Situational depression

What is Situational Depression?

Situational Depression, also called Adjustment Disorder, is a stress-related condition that forms as an abnormal reaction to a stressful or unexpected event, and often includes anxiety, difficulty moving forward, reckless behavior, and impairments in social, occupational, or academic functioning.

What is the prevalence of Situational Depression?

Situational Depression is very common, with the percentage of individuals receiving outpatient treatment being 5-20%.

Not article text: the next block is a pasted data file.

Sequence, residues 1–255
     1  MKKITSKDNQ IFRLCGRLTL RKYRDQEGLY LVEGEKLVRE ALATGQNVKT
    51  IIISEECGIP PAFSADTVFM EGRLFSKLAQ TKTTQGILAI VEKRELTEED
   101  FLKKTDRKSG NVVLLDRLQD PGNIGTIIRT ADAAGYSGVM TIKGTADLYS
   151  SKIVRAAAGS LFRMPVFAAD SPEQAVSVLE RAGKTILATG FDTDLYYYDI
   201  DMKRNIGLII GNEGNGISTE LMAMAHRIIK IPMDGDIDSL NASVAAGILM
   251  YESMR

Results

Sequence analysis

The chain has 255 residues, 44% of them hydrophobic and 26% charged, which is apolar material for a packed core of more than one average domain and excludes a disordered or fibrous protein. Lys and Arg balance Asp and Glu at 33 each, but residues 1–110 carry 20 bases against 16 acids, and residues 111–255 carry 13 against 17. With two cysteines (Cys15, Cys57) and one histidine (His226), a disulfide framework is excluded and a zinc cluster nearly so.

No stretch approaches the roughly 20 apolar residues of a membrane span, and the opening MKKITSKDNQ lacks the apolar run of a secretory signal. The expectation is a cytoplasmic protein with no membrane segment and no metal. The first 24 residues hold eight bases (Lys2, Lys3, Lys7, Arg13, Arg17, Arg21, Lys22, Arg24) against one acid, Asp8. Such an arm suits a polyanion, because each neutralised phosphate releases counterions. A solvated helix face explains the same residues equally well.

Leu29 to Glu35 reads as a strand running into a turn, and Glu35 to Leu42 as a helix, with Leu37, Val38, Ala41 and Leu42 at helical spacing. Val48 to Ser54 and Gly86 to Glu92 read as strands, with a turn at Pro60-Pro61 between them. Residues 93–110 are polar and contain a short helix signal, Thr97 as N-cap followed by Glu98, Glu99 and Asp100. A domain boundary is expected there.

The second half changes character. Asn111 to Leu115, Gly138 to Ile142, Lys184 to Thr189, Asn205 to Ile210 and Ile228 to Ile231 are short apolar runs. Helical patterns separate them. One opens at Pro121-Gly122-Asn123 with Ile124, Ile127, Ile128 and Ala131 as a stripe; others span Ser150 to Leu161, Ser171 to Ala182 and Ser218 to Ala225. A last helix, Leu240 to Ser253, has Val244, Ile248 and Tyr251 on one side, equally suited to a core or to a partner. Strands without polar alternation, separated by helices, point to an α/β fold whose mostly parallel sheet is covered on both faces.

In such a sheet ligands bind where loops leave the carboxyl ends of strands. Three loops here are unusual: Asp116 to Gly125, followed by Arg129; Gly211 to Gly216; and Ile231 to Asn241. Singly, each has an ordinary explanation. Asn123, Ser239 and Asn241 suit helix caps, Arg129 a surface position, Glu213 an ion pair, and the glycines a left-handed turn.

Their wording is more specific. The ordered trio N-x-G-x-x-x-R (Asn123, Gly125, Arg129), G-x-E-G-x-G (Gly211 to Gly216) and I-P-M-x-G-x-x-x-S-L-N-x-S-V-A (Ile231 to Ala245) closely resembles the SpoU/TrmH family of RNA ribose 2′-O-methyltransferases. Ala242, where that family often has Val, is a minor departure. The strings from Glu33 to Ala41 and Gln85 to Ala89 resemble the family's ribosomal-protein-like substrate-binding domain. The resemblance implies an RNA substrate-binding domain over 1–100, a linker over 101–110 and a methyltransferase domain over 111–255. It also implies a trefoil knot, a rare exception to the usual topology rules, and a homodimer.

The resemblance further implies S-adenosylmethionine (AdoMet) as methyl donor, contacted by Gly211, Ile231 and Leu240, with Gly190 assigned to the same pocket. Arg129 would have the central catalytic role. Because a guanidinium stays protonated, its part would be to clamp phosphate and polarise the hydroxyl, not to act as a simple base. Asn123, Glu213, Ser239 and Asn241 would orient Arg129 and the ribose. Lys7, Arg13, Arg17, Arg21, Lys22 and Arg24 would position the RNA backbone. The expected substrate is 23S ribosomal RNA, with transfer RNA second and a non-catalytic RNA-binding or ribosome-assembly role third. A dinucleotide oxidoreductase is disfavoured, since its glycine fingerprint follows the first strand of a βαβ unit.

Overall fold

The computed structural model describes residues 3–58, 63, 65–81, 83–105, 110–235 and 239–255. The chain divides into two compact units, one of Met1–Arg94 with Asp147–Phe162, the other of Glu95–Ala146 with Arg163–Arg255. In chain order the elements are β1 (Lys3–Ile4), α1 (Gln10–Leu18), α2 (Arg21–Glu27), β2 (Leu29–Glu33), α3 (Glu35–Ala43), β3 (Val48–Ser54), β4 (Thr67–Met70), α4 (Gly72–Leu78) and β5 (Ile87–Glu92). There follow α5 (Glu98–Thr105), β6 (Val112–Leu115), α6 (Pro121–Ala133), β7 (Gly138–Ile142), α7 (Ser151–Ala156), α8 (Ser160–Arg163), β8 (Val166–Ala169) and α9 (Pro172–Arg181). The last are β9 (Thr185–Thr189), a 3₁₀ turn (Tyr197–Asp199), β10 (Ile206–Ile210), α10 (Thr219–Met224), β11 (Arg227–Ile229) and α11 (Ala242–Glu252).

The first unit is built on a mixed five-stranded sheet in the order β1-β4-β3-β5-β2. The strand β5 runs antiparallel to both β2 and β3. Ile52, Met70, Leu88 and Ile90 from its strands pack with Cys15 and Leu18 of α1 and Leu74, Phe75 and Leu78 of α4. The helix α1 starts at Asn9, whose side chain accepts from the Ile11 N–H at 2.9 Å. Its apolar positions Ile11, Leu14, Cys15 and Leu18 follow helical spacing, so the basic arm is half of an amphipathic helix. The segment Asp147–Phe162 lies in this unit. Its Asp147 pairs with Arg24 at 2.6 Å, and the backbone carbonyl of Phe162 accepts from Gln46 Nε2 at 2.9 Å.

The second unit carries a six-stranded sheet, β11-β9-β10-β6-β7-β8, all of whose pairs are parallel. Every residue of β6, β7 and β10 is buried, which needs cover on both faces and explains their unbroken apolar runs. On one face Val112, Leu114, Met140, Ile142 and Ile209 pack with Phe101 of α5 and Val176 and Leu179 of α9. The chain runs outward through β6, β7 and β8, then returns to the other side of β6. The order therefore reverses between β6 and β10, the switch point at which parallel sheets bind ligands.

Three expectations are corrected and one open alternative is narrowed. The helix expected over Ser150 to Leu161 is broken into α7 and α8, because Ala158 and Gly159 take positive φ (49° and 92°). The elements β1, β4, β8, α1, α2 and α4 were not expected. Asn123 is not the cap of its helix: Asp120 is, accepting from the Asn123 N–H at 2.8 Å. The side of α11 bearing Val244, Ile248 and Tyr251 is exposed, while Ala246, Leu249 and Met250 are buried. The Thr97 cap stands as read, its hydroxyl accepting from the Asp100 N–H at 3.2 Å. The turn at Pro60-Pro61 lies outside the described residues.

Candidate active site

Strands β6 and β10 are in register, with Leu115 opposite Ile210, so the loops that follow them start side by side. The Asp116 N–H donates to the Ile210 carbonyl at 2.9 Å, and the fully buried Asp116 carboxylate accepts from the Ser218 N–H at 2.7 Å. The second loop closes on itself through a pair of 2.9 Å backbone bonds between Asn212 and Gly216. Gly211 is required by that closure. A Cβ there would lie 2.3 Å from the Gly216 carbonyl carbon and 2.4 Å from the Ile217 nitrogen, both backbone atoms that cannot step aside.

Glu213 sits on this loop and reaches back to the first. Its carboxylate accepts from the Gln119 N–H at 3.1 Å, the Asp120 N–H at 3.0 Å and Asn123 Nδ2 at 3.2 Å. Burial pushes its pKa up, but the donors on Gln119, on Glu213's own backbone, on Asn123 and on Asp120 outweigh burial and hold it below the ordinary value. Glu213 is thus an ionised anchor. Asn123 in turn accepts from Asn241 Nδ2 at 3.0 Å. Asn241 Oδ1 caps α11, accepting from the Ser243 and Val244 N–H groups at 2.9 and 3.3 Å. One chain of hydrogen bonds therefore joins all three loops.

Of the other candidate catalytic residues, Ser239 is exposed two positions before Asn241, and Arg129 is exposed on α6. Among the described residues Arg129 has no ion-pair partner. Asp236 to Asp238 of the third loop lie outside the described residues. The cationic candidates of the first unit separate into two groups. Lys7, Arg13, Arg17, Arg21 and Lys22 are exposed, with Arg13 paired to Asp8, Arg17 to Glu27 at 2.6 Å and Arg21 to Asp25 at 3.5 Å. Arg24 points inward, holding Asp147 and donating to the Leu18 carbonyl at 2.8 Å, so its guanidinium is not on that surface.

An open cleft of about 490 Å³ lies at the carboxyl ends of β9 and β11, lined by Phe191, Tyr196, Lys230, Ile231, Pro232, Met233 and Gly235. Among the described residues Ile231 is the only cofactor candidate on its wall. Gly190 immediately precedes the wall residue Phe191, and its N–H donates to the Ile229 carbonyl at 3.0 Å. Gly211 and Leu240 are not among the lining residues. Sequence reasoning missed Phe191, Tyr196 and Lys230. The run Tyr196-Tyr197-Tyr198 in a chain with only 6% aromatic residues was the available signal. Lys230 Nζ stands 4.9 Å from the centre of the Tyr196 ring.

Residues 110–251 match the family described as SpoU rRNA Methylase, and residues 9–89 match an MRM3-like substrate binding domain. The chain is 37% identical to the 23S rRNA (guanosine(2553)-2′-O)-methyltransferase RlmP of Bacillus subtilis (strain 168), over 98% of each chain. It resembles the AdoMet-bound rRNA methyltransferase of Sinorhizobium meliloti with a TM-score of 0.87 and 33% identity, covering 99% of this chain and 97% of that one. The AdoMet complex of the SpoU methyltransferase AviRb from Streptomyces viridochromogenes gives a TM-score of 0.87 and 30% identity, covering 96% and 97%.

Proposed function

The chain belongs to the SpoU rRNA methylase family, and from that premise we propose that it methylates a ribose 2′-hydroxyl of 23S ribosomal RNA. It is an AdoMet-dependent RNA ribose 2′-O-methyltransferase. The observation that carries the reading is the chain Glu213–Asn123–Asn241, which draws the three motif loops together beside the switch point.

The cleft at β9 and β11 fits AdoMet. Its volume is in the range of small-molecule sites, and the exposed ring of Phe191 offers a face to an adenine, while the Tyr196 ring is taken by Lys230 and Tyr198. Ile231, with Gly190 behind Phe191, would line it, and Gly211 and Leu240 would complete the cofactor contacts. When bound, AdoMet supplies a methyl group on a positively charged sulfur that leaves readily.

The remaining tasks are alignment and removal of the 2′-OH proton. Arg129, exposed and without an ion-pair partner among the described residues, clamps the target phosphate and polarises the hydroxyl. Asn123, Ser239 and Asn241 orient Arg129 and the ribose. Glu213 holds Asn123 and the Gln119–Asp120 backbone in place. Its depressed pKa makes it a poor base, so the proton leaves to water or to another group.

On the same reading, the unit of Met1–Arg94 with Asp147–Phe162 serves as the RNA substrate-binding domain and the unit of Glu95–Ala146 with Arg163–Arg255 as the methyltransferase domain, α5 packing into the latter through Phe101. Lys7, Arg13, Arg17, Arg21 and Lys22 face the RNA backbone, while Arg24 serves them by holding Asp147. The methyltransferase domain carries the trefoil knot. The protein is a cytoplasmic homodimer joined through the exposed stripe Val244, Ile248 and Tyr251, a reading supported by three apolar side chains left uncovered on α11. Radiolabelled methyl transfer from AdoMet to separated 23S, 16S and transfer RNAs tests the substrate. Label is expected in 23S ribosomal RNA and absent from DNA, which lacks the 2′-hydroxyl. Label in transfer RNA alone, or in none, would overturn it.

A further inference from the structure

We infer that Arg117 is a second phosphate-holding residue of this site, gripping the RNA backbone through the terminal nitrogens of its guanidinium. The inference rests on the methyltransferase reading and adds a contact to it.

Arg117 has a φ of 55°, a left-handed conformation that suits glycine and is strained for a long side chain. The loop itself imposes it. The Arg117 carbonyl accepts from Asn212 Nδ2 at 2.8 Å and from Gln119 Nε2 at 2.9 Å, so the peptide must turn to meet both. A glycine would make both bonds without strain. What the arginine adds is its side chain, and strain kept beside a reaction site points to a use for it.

What are the symptoms of Situational Depression?

Symptoms of Situational Depression begin within three months of a stressful or traumatic event and last no longer than six months after the event. Some common symptoms include:

What are the risk factors associated with Situational Depression?

Stressful events such as divorce, marital conflict, relationship problems, life changes and transitions, adverse situations like unemployment, problems in school or work, ongoing stressors like living situation or medical illnesses

Additional Resources

Not sure whether you have Clinical or Situational Depression?

Read about the differences here.

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